Work on a Willy-Wonka-style, sideways-moving elevator is underway at German powerhouse ThyssenKrupp. The elevator will utilize Maglev, the same technology responsible for Shanghai’s Transrapid train, and may reduce buildings’ elevator footprint by up to 50%. Trials will begin in 2016.
In other words, the MULTI presents a cable-free opportunity for architects to pursue their wildest dreams for urban skyscrapers. Take a look at ThyssenKrupp’s promo video:
According to a ThyssenKrupp executive, “Per year, New York City office workers spend a cumulative amount of 16.6 years waiting for elevators, and 5.9 years in the elevators. This data provides how imperative it is to increase the availability of elevators.” With the MULTI, ThyssenKrupp promises these office workers will never wait longer than 30 seconds for an elevator car’s arrival.
The company compares the use of one-cabin elevator shafts to a one-car railway systems—i.e. if only one Acela ran between Washington and Boston. ThyssenKrupp considers this system patently obsolete, and sees innovation in elevator technology as a catalyst for more efficient and avant-garde urbanization (think Jigsaw-style skyscrapers and perfected towers of Pisa).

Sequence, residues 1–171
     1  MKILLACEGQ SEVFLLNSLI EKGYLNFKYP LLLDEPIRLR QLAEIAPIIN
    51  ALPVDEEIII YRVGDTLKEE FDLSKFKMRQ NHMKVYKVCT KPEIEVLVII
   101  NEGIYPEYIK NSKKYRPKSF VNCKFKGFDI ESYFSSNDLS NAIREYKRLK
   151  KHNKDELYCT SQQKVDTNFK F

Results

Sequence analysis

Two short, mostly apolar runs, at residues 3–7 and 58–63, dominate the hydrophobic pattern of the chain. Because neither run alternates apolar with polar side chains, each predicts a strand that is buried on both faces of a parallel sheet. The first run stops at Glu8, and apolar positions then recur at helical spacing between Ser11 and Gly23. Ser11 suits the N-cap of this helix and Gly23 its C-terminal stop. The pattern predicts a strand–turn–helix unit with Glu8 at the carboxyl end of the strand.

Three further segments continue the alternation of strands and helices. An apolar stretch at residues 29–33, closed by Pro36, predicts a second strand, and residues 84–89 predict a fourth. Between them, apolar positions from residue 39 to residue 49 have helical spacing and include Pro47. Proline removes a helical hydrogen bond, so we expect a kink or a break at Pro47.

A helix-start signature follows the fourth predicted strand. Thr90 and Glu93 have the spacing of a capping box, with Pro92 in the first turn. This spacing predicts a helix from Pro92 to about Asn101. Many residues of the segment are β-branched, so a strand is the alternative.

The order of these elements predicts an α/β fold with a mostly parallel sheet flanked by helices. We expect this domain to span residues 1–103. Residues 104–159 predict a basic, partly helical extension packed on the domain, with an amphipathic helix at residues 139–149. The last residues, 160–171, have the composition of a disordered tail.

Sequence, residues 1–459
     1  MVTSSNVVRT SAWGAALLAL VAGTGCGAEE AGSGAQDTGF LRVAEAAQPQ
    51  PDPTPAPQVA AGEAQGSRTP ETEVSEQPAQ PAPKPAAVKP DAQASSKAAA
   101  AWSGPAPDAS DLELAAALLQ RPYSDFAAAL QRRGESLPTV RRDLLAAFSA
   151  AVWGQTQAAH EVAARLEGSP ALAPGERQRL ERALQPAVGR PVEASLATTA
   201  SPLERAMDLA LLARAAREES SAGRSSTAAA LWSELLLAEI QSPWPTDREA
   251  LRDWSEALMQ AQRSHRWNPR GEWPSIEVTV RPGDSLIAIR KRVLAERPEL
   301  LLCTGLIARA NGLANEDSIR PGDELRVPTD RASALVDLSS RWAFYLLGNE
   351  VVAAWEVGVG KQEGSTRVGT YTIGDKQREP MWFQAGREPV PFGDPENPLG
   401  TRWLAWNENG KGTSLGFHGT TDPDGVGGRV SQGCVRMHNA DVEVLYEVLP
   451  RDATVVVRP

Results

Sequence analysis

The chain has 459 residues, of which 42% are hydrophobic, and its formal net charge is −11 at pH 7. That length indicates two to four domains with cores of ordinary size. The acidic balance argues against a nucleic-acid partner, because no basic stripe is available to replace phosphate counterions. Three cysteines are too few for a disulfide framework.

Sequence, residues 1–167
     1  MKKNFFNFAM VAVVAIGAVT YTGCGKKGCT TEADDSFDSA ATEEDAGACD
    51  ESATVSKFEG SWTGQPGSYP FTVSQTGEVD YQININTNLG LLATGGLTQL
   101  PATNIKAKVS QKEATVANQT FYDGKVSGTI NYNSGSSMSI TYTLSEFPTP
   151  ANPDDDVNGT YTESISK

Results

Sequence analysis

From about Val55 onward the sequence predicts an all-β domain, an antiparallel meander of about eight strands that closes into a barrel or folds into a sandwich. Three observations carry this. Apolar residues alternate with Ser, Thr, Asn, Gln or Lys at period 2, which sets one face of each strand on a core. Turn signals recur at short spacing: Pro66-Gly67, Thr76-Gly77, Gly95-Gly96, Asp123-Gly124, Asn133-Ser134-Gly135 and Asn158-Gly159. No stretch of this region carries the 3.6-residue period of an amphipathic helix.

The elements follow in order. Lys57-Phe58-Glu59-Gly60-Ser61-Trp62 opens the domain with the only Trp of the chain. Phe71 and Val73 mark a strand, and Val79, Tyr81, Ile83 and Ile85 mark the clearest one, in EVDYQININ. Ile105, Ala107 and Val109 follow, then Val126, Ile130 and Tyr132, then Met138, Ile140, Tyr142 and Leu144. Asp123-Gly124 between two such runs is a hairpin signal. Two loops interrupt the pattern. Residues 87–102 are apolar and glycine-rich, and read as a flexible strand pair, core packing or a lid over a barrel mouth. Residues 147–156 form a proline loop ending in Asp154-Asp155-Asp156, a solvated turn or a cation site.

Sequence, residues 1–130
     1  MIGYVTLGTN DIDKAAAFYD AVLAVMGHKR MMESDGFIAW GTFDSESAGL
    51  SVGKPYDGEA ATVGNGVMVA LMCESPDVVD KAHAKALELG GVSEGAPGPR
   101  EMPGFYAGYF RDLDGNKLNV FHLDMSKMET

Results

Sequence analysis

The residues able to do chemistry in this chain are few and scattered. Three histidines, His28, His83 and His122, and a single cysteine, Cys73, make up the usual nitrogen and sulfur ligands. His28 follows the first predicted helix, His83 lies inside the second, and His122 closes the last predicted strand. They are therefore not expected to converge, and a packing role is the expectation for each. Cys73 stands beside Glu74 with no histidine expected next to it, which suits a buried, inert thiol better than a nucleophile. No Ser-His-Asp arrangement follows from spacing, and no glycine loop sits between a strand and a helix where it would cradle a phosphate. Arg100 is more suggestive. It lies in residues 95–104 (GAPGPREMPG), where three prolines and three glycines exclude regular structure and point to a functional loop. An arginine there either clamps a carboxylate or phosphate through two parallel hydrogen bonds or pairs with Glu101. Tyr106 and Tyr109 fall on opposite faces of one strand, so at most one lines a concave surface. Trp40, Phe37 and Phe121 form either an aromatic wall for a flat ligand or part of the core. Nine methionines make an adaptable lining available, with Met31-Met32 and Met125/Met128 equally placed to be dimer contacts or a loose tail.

The planned test site for the MULTI is a 300-meter-high tower in Rottweil, Germany. The building is being constructed exclusively for ThyssenKrupp’s experimentation, and will be converted later into Germany’s highest viewing tower.
Should the elevator succeed, the effect will be less dumbwaiter and more metro system, with cars running along loops rather than in lines. The new shafts will be significantly smaller than the ones currently required by cable-strung elevators, but may accommodate twice the number of passengers. ThyssenKrupp calls the MULTI will be the most significant innovation in elevator technology since its invention in 1854. The claim is a bit of a stretch—elevators have been around in some capacity since 236 BC and a steam-powered version debuted in 1823—but the MULTI will be a marvel nonetheless.
Photos and video courtesy of ThyssenKrupp